GE Medical Systems (Waukesha, Wisconsin) reported last month that its GE Logiq 700 Series units will be used exclusively in the ultrasound phase of a 10-year $68 million study of heart disease and stroke risk factors funded by the National Heart, Lung, and Blood Institute (NHLBI; Bethesda, Maryland) of the National Institutes of Health (NIH). The Multi-Ethnic Study of Atherosclerosis (MESA) will investigate specific risk factors and the extent of atherosclerosis in about 6,500 men and women of varied ethnic backgrounds, ages 45-84.
The GE Logiq 700 Series units were selected from among six ultrasound vendors under NHLBI price guidelines. In the study Logiq 700 units at each of six research sites will image carotid and brachial, or upper arm, arteries to measure early atherosclerotic changes. MESA ultrasound co-investigators are Dr. Joseph Polak, associate professor of radiology at Brigham and Women's Hospital and Harvard Medical School (Boston, Massachusetts) and Dr. Daniel O'Leary, chairman of the radiology department at Tufts Medical School (also Boston). "This is an epidemiological study, and as such it requires as much quantitative data as we can get," Polak said. "Accurate measurements are very important to the quality of the data. The images we are able to produce with the GE equipment will deliver the quality of data we desire."
In addition to ultrasound studies, MESA includes the use of other noninvasive methods of evaluating risk factors, including computed tomography (CT) scanning and magnetic resonance (MR) imaging. The study also will involve blood tests, measurement of arterial waveforms and questionnaires to measure sociodemographics and psychosocial factors. MESA will observe participants with subclinical artery and heart disease – meaning disease that has not yet produced symptoms – and it will then examine specific factors that predict progression to clinical disease. About 40% of study participants will be Caucasian, 30% African-American, 20% Hispanic and 10% Asian.
Polak compared the measurement of coronary artery calcification to detecting "a rock in the coronary artery. If we identify high-risk people after they have a rock in an artery, that is really rather late. If we can learn to identify them at earlier stages of disease, we will be better able to keep them from getting into trouble." Institutions taking part in MESA are the University of California at Los Angeles, Johns Hopkins University (Baltimore, Maryland), the University of Minnesota (St. Paul, Minnesota), Northwestern University Medical School (Chicago, Illinois), Wake Forest University (Winston-Salem, North Carolina) and Columbia University (New York).
In other grant news in the cardiovascular sector:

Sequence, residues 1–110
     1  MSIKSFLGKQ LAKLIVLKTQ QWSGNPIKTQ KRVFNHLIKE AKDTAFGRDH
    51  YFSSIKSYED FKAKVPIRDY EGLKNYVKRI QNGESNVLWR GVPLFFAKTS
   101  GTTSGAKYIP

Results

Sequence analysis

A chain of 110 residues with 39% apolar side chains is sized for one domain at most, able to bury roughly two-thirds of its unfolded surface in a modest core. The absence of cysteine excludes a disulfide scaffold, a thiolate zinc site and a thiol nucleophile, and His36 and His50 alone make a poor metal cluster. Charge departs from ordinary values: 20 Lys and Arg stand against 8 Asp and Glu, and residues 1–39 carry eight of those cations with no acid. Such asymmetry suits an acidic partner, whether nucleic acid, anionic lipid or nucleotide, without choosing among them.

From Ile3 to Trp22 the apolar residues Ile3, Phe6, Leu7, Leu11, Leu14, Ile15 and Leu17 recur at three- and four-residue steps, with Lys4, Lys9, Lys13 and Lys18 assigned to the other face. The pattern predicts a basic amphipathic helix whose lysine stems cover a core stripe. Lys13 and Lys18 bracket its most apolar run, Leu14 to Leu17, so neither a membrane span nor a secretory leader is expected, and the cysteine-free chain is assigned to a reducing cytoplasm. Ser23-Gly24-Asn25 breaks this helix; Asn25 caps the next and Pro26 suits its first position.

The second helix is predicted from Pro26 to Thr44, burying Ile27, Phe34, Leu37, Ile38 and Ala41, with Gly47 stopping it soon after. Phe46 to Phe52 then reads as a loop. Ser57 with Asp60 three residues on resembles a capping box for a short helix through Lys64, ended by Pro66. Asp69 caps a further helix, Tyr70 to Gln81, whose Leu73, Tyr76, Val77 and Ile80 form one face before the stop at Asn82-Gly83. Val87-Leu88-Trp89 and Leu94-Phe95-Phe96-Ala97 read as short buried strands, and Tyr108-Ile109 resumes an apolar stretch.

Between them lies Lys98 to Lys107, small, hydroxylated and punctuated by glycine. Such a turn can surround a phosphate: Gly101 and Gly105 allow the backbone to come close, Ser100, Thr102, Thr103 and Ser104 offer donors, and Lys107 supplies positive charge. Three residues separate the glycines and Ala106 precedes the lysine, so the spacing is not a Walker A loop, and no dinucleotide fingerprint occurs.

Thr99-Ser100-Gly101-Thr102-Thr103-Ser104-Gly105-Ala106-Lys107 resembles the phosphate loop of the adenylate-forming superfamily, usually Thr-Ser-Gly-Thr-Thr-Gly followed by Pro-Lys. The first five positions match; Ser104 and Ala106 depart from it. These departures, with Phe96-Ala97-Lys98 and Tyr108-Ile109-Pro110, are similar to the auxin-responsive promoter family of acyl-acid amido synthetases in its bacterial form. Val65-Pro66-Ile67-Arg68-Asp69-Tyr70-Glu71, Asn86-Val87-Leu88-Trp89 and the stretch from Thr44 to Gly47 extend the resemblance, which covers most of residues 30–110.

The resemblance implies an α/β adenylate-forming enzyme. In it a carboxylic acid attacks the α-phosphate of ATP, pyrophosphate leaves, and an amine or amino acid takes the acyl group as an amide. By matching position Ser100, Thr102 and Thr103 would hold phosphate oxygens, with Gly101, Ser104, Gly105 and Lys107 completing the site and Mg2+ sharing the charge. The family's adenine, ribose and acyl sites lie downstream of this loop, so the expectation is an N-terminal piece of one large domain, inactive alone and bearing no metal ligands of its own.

Advanced Tissue Sciences (La Jolla, California) said it received a three-year Advanced Technology Program award of $2 million from the National Institutes of Standards and Technology (Gaithersburg, Maryland) for development of a tissue-engineered Ischemic Repair Device (IRD) to induce vascularization of and restore function to tissues and organs with reduced blood supplies. The IRD is intended primarily for cardiovascular applications but could also be used for repair of peripheral vascular tissue, such as blood vessels in the leg. The project will integrate current advances in cell culture, bioreactor technology and biomaterials to create an implantable living tissue able to respond physiologically to its environment.
SpectRx (Norcross, Georgia) has received a grant of $307,000 from the Centers for Disease Control and Prevention (CDC; Atlanta, Georgia), representing a commitment of more than $600,000 in funding to date, to adapt the company's glucose monitoring technology to monitor blood sugar levels of children and elderly people with diabetes. In collaboration with the MediSense Products Unit of Abbott Laboratories (Abbott Park, Illinois), SpectRx is developing a monitoring technology that provides continuous, painless, real-time glucose readings without requiring fingerstick blood tests. Its system uses biophotonic technology to painlessly measure glucose in interstitial fluid (ISF) rather than blood. A hand-held laser easily creates four microscopic holes in the outer layer of skin, and a patch is then placed over the holes to measure glucose concentration in a continuous stream of ISF. The grant comes from CDC's Innovative Technology Development Grants for the Detection and Monitoring of Diabetic Hypoglycemia by Non- or Minimally-Invasive Techniques
Myogen (Denver, Colorado), a developer of cardiovascular therapies, has received an NIH Small Business Innovation Research (SBIR) grant to develop compounds that inhibit a key control pathway associated with cardiac hypertrophy.. Additionally, it reported receiving a SBIR grant for research related to the long-term culture of human adult heart muscle cells. Richard Gorczynski, PhD, vice president of R&D, said, "Such cultures, in combination with our functional genomics programs focused on heart disease, provide a powerful tool for the assessment and validation of the dozen novel targets that we have already identified in our discovery research programs." The grant amounts were not disclosed. Myogen's lead product, an oral formulation of enoximone, entered Phase III clinical trials in mid-year for the treatment of advanced heart failure. Its intravenous formulation of enoximone, Perfan IV for treating heart failure, is sold in Europe.